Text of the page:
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Happy Arbor Day!

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Today is National Arbor Day here in the US of A (dates differ in other countries), a day for people around the country to plant and care for trees and if you can’t do that it’s worth taking a moment to reflect on the importance of trees and forests.  While I make a living thinking about trees, I rarely get a chance to step back and reflect on what they have meant to me. I have loved many individual trees and forests in my life, from those I played on while I was young to those I planted and studied in graduate school, and all have helped shape me and enrich my life.  I thought I’d take this opportunity share a few of them with you:

Apple Tree

My sister and I used to climb on this Apple tree more than on our actual monkey bars. It produced two different kinds of apples, neither of which tasted very good.

Fig Tree

We used this fig tree to get up on roof of our shed. It's seen better days, but it's still producing fruit!

Walnut

This black walnut dominated our backyard but it was always too tall to climb.

Olive Tree

This olive tree was outside my first grade classroom. My classmates and I used to climb it after school while we waited for our parents to pick us up.

Oak

This oak used to be "base" during all of our lunchtime games of tag.

Seedlings

I used all of these seedlings in my first experiment in graduate school. Unfortunately, very few of them survived. (and, yes, that is a much younger me doing my best Indiana Jones impression)

Experimental Trees

This was one of my experiments in the field. My fellow student, Kristin Young, and I interplanted a number of species to "speed up" restoration. The artificial "trees" in the foreground were used as controls.

Safe arbor

Beyond reflecting on what trees have meant to me personally, I will also be spending part of today thinking the millions of people around the global who rely on forests for their food, shelter, and culture.  Forest loss and degradation means more than just carbon emissions and loss of biological diversity, it also means a loss of homes and livelihoods for peoples living in and around forests. In my time at UCS, I have had the privilege of working with folks from groups like Rights and Resources Initiative,  Global Witness, Care International and the Center for International Forestry Research who research and campaign tirelessly to see that the rights of forest dependent communities are respected and their homes preserved. These groups do great work and it is worth checking them out.

Go plant a tree!

plant a tree poster

This print is hanging above my desk at work. One of many prints I have by the folks at Brainstorm (http://wearebrainstorm.com/).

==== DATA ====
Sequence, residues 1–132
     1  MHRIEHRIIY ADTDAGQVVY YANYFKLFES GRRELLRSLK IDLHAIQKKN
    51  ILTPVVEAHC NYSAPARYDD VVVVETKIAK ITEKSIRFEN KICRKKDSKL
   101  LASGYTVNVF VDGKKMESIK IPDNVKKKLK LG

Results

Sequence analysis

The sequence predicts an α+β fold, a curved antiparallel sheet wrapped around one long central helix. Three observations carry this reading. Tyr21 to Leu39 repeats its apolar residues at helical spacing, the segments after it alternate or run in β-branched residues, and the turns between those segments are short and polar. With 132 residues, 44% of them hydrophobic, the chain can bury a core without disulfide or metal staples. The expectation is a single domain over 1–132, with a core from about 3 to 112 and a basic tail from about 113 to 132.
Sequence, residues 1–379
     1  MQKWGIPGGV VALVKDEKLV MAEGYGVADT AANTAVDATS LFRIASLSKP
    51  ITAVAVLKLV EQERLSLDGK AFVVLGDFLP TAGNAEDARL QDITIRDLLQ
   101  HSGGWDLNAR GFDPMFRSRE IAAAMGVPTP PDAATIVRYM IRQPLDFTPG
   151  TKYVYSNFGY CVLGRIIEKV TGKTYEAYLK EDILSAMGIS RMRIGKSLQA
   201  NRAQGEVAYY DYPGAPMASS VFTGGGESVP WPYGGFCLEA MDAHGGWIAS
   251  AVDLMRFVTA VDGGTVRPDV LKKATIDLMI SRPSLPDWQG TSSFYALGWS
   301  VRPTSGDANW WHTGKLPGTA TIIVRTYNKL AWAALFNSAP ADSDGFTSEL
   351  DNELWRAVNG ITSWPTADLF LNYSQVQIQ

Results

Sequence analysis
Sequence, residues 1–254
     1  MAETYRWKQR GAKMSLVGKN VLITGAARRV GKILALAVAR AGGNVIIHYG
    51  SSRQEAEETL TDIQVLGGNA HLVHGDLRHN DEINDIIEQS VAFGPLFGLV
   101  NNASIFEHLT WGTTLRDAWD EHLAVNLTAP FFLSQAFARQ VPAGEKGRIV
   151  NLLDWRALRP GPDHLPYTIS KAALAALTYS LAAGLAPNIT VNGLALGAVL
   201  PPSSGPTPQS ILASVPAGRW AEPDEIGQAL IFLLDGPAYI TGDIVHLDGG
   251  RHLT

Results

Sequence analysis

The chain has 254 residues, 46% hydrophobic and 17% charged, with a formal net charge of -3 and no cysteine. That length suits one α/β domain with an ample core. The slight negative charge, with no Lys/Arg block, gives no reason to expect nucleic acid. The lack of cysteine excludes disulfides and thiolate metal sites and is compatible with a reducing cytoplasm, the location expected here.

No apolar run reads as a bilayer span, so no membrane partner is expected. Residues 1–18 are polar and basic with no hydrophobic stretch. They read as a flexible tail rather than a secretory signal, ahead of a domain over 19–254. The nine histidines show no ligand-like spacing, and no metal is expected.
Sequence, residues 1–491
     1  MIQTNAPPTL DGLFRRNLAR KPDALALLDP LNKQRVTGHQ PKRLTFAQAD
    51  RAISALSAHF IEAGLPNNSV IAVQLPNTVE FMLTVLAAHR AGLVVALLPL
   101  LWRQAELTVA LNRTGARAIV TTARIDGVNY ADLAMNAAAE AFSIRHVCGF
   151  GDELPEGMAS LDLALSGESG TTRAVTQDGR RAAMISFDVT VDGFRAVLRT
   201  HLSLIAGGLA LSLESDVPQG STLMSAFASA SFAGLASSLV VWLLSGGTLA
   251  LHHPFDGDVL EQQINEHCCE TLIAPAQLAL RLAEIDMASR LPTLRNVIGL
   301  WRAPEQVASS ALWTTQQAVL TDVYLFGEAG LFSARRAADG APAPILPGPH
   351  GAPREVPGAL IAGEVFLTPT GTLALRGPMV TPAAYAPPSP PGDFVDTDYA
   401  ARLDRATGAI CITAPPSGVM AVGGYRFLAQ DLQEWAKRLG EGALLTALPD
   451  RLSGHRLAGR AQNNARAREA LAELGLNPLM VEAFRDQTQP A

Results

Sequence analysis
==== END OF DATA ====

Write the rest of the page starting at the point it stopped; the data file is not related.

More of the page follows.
So, that’s what I’m doing this Arbor Day, what about you? The Arbor Day website lists lots of ways to get involved in tree planting events near you and check out the websites of the groups I mentioned above to find out more about defending the rights of forest dependent communities.  And, of course, I’d love to hear your stories about what trees have meant to you. Do you go apple picking every fall? Did you have a tree house growing up? Do you work with forests or trees? If you’ve loved a tree, I’d love to hear about it.

Happy Arbor Day and go plant a tree!

Posted in: Global Warming Tags: , , ,

About the author: Calen May-Tobin is a lead analyst with the Tropical Forest and Climate Initiative and conducts research on palm-related deforestation and how to reduce the land-use carbon footprint of the palm oil industry. He holds a Master’s degree in ecology from the University of California, Irvine. See Calen's full bio.

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3 Responses

  1. Jo Anna Hebberger says:

    I too am a tree lover and have planted many trees in various locations as I have moved around the U.S. Since I am also an ecologist, I think it is important to plant native trees. There are many non-natives that are invasive and can be a major problem, for instance Tree-of-Heaven (Ailanthus altissima), and Norway Maple (Acer platanoides).

  2. richard says:

    I, too, have loved trees my whole life: from the 7 oaks we had in my backyard when i was a kid to the ones I loved to see from trains in Japan to the ones I hiked around in my neighborhood now. It was not intentional but I had TWO planted in our front yard today! These were small ones that I saved from the trash pile of one of our neighbors. Ie, they were going to get thrown out! Now they will grace my front yard and give me something nicer to look at than telephone wires and the roofs of the houses across the street.

    • Calen May-Tobin says:

      Richard,
      Thanks for your comment. I’m glad to read that trees have meant a lot to you as well.
      ~Calen